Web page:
What could make this more odd? I absolutely love it. I get to spend all my time studying and working on things I’m actually interested in (insert obvious nerd comment here). What’s more, all the scary, real world stuff is nothing more than a promising future I have yet to live. So while I live in this sheltered world where someone can find themselves too broke to eat yet never too broke to buy beer, and the road to adulthood is where the real excitement is, I have to say, I’m going to miss this.

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$100 says it’s hip to be square

I have this friend. In classic sit-com style, we’re quite different, opposites if you will. She’s fun, I’m serious. She’s spontaneous, while my list-making borders on neurotic. She likes a good party, I like a good round table discussion…you get the idea.

This usually works well for us. But sometimes, she does things so outside my understanding that all I can do is scratch my head. Like the other day, she went out and spent $100 for the tattoo reading, “Don’t Stop Believing.” Why? To commend a regular party night where we sometimes, repeat sometimes, sing this Journey song.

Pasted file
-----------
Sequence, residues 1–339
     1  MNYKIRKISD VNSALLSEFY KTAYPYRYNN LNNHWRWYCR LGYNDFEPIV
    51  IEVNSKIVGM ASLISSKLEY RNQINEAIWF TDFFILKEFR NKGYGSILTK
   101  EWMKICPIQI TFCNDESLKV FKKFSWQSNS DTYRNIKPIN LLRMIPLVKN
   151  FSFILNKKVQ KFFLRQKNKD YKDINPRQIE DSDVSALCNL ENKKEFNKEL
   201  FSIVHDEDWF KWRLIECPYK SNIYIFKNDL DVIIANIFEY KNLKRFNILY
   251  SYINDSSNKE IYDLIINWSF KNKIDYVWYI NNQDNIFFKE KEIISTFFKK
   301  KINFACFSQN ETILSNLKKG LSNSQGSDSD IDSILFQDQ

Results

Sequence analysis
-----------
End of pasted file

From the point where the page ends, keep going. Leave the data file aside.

Ouch, my brain.

Why do people do this to themselves? I’m sorry to get on my old person soap box, but it suits me. As I sip my herbal tea and try to access the “cool” part of myself. Sure, it’s hilarious when girls get the Chinese symbol tramp stamp they think mean “hope” but actually means “duck,” but I have to ask, why do people pay so much money, a small fortune for the poor student, for this painful, permanent etching?

The logic of it doesn’t add up. How can you possibly know that you’re going to enjoy something the rest of your life? I know my own fickleness, and I know it’s not exceptionally larger than most 20 somethings.

And what about occasions you don’t want it shown? Courts all across America have found that on-the-job appearance is nondiscriminatory. In other words, getting fired for a tattoo is perfectly legal. And of course those events where you want to wear the fancy strappy dress, but perhaps the m-16 poking out would ruin the effect.

But I don’t do it for others, you say, I just do it for me. Well, it’s not exactly the bastion of individuality in the counterculture. Tattooing is the sixth fastest growing retail business in the U.S. 45 million Americans have tattoos, and 36 percent of people 22 to 29 have at least one tattoo (and 17 percent have regretted it).